52-year-old Steve Cannon from Iowa refers to himself as an adventurer, but when you look at his track record of accomplishments, media, spectators and fans across the country refer to him as a beast. He was the first-ever athlete to run around Lake Michigan and averaged a marathon a day for 40 straight days totaling 1,037 miles. He’s also completed a 350-mile bike ride and took on the world’s longest Kayak race – just to list a few.
Amazingly, Steve recently set his limits to new heights to fundraise for The Leukemia & Lymphoma Society (LLS) and help fight cancer.
On March 22, 2019, 26 days after the starting line in Anchorage, AK, Steve completed the world’s longest winter ultra-adventure, the 1000-mile Iditarod Trail Invitational across Alaska. This race is frequently given the title of “world’s most difficult endurance race.” Steve was on his fat bike and fully self-supported the entire ride.
Steve is a longtime LLS supporter and volunteers at his local LLS Iowa Chapter, “Cancer survivors have taught me much about the value of every moment, friend and family member,” says Steve. “To them, I owe so much, and this is how I repay it. There are many fantastic organizations out there, and LLS is one of the very best. I’m thankful for LLS and all they do for those fighting cancer.”
Steve has already surpassed his fundraising goal of $10,000 and is currently working on a documentary of his adventures, which he plans on leveraging nationwide to raise awareness for blood cancer and the urgent need for cures. To date, he has raised over $700,000 for cancer charities.
You may have driven an important project to the finish line or reached a new fundraising goal. Perhaps you comforted someone in need, greeted families with a warm smile or raised your voice to influence change. I hope we get the opportunity to meet one day (if we haven’t already), but until then: our heartfelt thanks go out to you, our incredible volunteers.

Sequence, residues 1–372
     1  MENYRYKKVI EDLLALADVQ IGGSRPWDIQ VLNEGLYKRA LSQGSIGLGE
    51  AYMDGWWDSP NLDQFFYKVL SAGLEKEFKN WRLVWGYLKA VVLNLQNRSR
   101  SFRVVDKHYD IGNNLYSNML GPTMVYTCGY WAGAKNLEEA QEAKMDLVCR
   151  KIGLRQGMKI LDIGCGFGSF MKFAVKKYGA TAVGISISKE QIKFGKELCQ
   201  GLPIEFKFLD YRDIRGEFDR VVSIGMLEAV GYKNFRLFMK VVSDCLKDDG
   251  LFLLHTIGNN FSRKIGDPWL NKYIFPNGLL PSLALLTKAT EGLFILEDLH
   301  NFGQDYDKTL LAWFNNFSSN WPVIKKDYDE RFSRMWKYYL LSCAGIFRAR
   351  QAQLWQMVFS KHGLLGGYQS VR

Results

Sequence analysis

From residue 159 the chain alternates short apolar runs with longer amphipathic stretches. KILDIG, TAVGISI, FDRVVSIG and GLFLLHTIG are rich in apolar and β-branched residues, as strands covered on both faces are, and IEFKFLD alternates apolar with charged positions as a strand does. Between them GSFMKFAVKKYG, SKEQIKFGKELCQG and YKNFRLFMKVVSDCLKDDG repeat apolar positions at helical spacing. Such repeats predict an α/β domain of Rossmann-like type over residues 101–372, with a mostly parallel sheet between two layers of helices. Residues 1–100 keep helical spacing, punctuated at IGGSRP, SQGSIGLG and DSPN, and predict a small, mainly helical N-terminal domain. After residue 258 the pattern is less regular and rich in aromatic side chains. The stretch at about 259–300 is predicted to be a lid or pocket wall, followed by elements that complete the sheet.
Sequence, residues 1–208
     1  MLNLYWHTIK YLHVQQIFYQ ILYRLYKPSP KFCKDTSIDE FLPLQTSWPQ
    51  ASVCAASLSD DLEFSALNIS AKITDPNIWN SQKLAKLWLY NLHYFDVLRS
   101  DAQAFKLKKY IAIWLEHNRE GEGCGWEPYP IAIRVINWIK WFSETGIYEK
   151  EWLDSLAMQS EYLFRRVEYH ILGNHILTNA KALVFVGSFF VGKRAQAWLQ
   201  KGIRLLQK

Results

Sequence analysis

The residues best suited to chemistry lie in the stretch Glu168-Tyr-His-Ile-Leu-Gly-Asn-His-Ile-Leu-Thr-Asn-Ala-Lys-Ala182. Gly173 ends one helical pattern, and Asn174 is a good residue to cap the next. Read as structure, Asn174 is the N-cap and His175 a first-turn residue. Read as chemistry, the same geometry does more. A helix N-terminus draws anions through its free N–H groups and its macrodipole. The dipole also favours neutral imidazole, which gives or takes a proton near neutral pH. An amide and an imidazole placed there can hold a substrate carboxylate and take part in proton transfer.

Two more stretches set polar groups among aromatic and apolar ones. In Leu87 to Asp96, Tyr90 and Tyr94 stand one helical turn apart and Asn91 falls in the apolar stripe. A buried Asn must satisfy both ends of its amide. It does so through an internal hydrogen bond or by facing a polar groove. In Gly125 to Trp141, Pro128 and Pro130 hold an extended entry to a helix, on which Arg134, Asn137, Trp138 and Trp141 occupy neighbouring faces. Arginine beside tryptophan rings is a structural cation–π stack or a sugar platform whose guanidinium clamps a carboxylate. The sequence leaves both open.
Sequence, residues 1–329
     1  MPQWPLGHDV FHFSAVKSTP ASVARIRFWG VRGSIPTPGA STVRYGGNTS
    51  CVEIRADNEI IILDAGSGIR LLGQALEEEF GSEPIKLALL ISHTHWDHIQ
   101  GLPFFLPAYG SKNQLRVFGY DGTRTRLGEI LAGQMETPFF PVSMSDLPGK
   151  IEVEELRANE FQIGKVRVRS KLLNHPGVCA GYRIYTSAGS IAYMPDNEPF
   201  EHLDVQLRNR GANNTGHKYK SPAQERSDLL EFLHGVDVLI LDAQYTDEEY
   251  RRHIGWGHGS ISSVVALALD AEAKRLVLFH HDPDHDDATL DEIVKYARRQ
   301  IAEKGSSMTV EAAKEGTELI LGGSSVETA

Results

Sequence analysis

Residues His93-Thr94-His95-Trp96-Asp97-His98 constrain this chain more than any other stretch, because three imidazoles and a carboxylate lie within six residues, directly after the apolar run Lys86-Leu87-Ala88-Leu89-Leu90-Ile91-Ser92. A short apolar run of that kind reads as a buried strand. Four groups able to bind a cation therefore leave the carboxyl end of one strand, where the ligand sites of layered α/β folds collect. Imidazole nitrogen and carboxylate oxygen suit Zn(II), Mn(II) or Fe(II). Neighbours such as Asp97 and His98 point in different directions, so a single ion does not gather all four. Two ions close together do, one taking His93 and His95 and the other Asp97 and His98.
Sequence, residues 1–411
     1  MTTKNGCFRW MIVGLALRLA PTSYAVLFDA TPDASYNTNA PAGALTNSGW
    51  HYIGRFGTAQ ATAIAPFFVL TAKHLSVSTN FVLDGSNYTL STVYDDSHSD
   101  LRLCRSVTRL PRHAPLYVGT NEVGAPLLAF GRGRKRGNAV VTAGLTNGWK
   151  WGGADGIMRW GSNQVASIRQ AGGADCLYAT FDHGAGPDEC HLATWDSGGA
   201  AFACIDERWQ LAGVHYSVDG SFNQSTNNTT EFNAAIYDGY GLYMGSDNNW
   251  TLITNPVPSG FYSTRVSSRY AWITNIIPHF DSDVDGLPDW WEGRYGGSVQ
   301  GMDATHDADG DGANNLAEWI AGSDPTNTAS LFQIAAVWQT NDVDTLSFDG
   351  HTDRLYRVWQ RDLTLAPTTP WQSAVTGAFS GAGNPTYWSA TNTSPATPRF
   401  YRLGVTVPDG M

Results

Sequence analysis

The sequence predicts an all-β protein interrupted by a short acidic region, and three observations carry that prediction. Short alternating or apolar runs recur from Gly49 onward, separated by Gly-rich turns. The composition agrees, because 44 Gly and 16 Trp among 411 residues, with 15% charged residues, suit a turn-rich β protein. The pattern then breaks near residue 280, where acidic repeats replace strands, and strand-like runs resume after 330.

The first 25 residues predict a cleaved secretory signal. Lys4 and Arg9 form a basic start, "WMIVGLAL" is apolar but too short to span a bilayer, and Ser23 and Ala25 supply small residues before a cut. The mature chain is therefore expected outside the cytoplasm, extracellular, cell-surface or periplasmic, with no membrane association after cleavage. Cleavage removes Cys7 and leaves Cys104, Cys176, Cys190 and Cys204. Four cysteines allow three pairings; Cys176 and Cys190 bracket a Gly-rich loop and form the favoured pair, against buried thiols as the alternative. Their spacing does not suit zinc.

You are at the heart of our quest to find cancer cures, and our gratitude to you runs deep because you are truly the driving force behind our mission.
National Volunteer Week gives us the perfect opportunity to share how much we appreciate you and everything you do to help us beat cancer. Your tireless partnership with us makes a difference in the lives of patients and families – and we’re so touched when we hear stories of how you went above and beyond to help.
No matter how you choose to volunteer with The Leukemia & Lymphoma Society (LLS), you are creating impact and this impact saves lives. In fact, since we started 70 years ago, generations of volunteers have embraced our mission, helping us invest nearly $1.3 billion in cutting edge cancer research and driving forward lifesaving patient support and advocacy efforts.
Today, volunteers support every facet of our organization – from supporting chapter efforts to raising critical funds to providing support to patients and families and advocating for policy changes at the state and federal level. Without the partnership of dedicated volunteers like you at every level of our organization, we cannot achieve the mission of LLS. Your passion, time and talent are crucial to beating cancer.
While we’ve made significant progress, there is much more work to be done. The fight against cancer needs compassion, relentlessness and most of all, commitment. You have these qualities in droves. You are our champions, our big thinkers and our game changers, and you inspire us all to work toward our mission each and every day.
When your family, friends and colleagues ask you why you are volunteering with LLS, instead of any number of other things you could be doing, please tell them: “Because I’m curing cancer.” Because you are!